Turning the other cheek is a doctrine in Christianity that refers to not taking revenge for injury or wrong doing. This doctrine is a point of pride for Christians. We find the following verses in the New Testament:

But I say unto you which hear, Love your enemies, do good to them which hate you, Bless them that curse you, and pray for them which despitefully use you. And unto him that smiteth thee on the one cheek offer also the other; and him that taketh away thy cloke forbid not to take thy coat also (Luke: 27-29).

Because of the violent images attributed to Islam and Muslims in the media most are unaware that the Quran has a similar concept:

Nor can goodness and evil be equal. Repel evil with what is better: then will he between whom and you was hatred become as it were your friend and intimate (41: 34).

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When is this doctrine of turning the other cheek to be applied? How practical is it in the world we live in? If one always turns the cheek, what then is the role of justice and ending oppression and tyranny.

Between Forgiveness and Justice

Certainly, if a robber breaks into one’s home it would be unreasonable and illogical to encourage them to steal more. Or if someone kidnapped a child or committed rape are they to be allowed to escape with no repercussions?

Islam encourages restraint and forgiveness while simultaneously acknowledges the need for justice.

Indeed Allah commands justice and kindness (16: 90).

The tension between forgiveness and justice are exemplified in the statements of Gandhi and Malcolm X. Gandhi famously said that an eye for an eye makes the whole world blind, but Malcolm X explained that, “if you turn the other cheek you can be enslaved for 1000 years.”

A simple observation of human nature and history will demonstrate that it will always be very few people who exercise forgiveness and restraint. Conflict, oppression, and injustice has always been part of human history.

Overlooking injustice and wrongdoing can sometimes result in enabling oppressors to continue in their oppression. The best way to help the wrongdoer is to stop him from his wrongdoing. The Prophet Muhammad (peace be upon him) said:

Help your brother whether he is a wrong-doer or is wronged.

A man inquired:

“O Messenger of God, I may help him when he is wronged, but how can I help him when he is a wrong-doer?”

The Prophet said:

You can prevent him from wrong-doing. That will be your help to him (Al-Bukhari).

The concept of war as always being evil is taken to be an unchallenged truth in the West. Any religion that advocates violence cannot be a true religion of God.

According to Jesus (peace be upon him)

The perception of Jesus (peace be upon him) as a passive individual who would have never encouraged violence in inaccurate even according to Christian scripture.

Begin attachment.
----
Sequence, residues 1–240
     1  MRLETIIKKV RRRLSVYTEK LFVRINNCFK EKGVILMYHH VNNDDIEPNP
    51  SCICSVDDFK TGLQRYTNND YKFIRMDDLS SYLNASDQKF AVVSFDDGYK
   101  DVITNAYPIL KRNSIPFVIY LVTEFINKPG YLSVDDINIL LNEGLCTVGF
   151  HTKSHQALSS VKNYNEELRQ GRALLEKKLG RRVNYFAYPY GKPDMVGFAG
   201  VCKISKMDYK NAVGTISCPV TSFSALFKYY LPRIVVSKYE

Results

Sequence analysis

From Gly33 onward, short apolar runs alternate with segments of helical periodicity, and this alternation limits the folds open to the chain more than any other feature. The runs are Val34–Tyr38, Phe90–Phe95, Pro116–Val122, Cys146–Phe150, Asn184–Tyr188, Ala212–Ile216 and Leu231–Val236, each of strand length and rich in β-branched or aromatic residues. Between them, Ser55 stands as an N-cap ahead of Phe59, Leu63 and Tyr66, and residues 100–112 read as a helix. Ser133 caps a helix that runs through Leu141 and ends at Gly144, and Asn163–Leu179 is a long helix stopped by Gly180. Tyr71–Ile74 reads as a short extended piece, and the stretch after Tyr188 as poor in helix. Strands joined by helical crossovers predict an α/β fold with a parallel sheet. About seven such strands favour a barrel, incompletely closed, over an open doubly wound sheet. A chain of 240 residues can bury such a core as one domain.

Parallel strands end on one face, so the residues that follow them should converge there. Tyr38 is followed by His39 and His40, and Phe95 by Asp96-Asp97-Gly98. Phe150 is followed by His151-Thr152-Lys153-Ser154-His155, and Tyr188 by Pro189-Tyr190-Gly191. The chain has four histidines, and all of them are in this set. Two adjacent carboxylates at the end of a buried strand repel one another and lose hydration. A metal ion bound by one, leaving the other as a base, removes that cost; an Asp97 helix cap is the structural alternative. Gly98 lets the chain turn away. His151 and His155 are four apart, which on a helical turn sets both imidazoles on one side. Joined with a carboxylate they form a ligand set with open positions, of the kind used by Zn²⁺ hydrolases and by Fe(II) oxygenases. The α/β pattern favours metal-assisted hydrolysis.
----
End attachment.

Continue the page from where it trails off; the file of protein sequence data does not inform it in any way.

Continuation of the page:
Even in the Christian tradition, Jesus is to return and establish justice on earth. Armageddon is the location of the last battle on earth between good and evil in which Jesus will fight the anti-Christ and put an end to injustice.

Jesus himself states that violence and conflict are a part of the process of fighting wrong doing:

Think not that I am come to send peace on earth: I came not to send peace, but a sword. For I am come to set a man at variance against his father, and the daughter against her mother, and the daughter in law against her mother in law. And a man’s foes shall be they of his own household. (Matthew 10: 34-36).

According to Muhammad (peace be upon him)

In Islam, there are many examples of the Prophet Muhammad turning the other cheek, especially in matters that related to his personal life. If someone wronged him personally he would forgive them and overlook their wrong.

However, when it came to the rights of others, the poor, orphans, and weak, he would fight for their rights and justice. This helps establish a line between turning the other cheek and not enabling injustice.

In this regard, we find that Islam encourages forgiveness, but understands that practicality and need for justice.

Turning the other cheek is a great ideal when forgiving your sibling for hurting your feelings, or your business partner who cheated you out of a deal. However, it is not always practical in cases of murder, rape, or highway robbery.

Islam lauds the person who practices restraint and forgiveness to the one who may have wronged them, but forgiveness is the individual’s choice. When it comes to the rights of the community at large or the weak and oppressed, turning a blind eye or other cheek would be injustice and enabling those who do wrong.

From Why Islam.